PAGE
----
Sinonasal undifferentiated carcinoma


A highly aggressive and clinicopatholog-ically distinctive carcinoma of uncertain histogenesis that typically presents with locally extensive disease. It is composed of pleomorphic tumour cells with frequent necrosis, and should be differentiated from lymphoepithelial carcinoma and olfactory neuroblastoma.

ICD-O code 8020/3


Anaplastic carcinoma Epidemiology

The tumour is rare, with fewer than 100 reported cases. The age range is broad (third to ninth decade), and the median age is in the sixth decade {350,1216}. There is a male predominance (2-3:1).


The neoplasm is typically negative for Epstein-Barr virus {350,1216}. Some cases have occurred after prior radiation therapy for nasopharyngeal carcinoma {1216}.


The nasal cavity, maxillary antrum, and ethmoid sinus are typically involved alone or in combination. The neoplasm also commonly extends to other contiguous sites.

Clinical features

Patients have multiple nasal/paranasal sinus symptoms, usually of relatively short duration, including nasal obstruction, epistaxis, proptosis, periorbital swelling, diplopia, facial pain, and symptoms of cranial nerve involvement.


The tumour is usually larger than 4 cm. It is fungating, with poorly defined margins, bone destruction, and invasion of adjacent structures {2038}.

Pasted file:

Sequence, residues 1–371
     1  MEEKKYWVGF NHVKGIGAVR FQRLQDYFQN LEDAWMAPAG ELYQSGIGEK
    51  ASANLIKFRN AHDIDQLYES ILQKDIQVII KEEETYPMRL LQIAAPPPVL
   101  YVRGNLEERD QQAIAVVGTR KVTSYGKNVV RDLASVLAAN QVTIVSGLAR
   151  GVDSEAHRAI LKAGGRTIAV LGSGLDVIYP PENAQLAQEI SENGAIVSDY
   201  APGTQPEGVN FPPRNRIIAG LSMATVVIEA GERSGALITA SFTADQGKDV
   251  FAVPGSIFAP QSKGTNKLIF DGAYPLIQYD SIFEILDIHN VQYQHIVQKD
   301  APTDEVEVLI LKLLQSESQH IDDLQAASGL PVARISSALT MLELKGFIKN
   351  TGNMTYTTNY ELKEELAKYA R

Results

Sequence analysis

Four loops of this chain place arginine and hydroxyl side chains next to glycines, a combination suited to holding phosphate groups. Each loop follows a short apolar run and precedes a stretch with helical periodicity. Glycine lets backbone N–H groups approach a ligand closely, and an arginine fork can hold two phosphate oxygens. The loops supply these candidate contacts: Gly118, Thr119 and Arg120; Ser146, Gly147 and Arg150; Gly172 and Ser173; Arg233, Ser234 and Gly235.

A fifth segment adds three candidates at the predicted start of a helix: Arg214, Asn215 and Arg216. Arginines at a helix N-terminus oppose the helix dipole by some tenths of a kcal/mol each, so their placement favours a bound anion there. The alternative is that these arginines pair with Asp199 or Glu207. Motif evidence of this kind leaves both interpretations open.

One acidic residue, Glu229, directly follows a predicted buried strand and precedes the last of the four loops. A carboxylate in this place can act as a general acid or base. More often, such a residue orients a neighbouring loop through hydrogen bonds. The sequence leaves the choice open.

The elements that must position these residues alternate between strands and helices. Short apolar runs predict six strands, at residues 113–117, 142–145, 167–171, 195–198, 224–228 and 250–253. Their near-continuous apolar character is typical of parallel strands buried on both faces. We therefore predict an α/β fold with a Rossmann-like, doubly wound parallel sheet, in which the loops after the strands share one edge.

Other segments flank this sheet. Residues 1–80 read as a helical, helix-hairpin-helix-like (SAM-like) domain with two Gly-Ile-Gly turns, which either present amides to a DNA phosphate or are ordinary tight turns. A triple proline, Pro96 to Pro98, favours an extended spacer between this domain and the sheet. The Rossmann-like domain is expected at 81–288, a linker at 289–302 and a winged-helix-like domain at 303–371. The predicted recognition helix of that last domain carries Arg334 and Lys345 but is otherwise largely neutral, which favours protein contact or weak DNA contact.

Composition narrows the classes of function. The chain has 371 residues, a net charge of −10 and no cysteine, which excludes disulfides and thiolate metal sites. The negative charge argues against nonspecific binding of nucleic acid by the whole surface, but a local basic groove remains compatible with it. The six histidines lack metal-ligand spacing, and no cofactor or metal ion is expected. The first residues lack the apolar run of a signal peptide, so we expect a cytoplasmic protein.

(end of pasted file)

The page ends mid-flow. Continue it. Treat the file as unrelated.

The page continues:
Tumour spread and staging

In addition to involvement of multiple sinuses, the neoplasm destroys sinus walls and orbital bones. Penetration into the cranial cavity is frequent. Less often, there is extension into the nasopharynx or oral cavity. The tumour can metasta-size to cervical lymph nodes and distant sites (such as liver, lung, bone) {1216}.


Sinonasal undifferentiated carcinoma forms nests, lobules, trabeculae and sheets, in the absence of squamous or glandular differentiation. Severe dyspla-sia of the overlying surface epithelium has been noted in a few instances. The nuclei are medium to large-sized, surrounded by small amounts of eosinophilic cytoplasm that lacks a syn-cytial quality. The nucleoli are variable in size, but most often, they are single and prominent. The mitotic rate is very high and there is often prominent tumour necrosis and apoptosis. Lymphovascular invasion is often prominent.


The carcinoma is immunoreactive for pan-cytokeratins and simple keratins (CK7, CK8 and CK19), but not CK4, CK5/CK6 and CK14 {801}. Less than half of the cases have been reported to be positive for epithelial membrane antigen, neuron specific enolase, or p53 {350}. The tumour is negative for CEA, while positivity for synaptophysin, chromo-granin, or S100 protein is only rarely observed {350,1216}.

Electron microscopy

Ultrastructurally, cells with occasional small desmosomes and rare dense core granules have been noted {819}.


This is a tumour of uncertain histogenesis, but with unique clinicopathologic characteristics. It should be differentiated from other specific types of carcinoma and non-epithelial tumours with round cells.

Prognosis and predictive factors

Despite aggressive management, the prognosis is poor, with median survival of less than 18 months {350,1216}, and 5-year survival of less than 20% {856}. Recent results suggest that more promising outcome may be achieved by combining chemoradiation and radical resection {1802}.

Fig. 1.10 Sinonasal undifferentiated carcinoma. A Small nests of tumour cells with or without interconnections are frequently observed. B The cells usually have prominent nucleoli. The mitotic rate is high. C Conspicuous invasion of vascular spaces.

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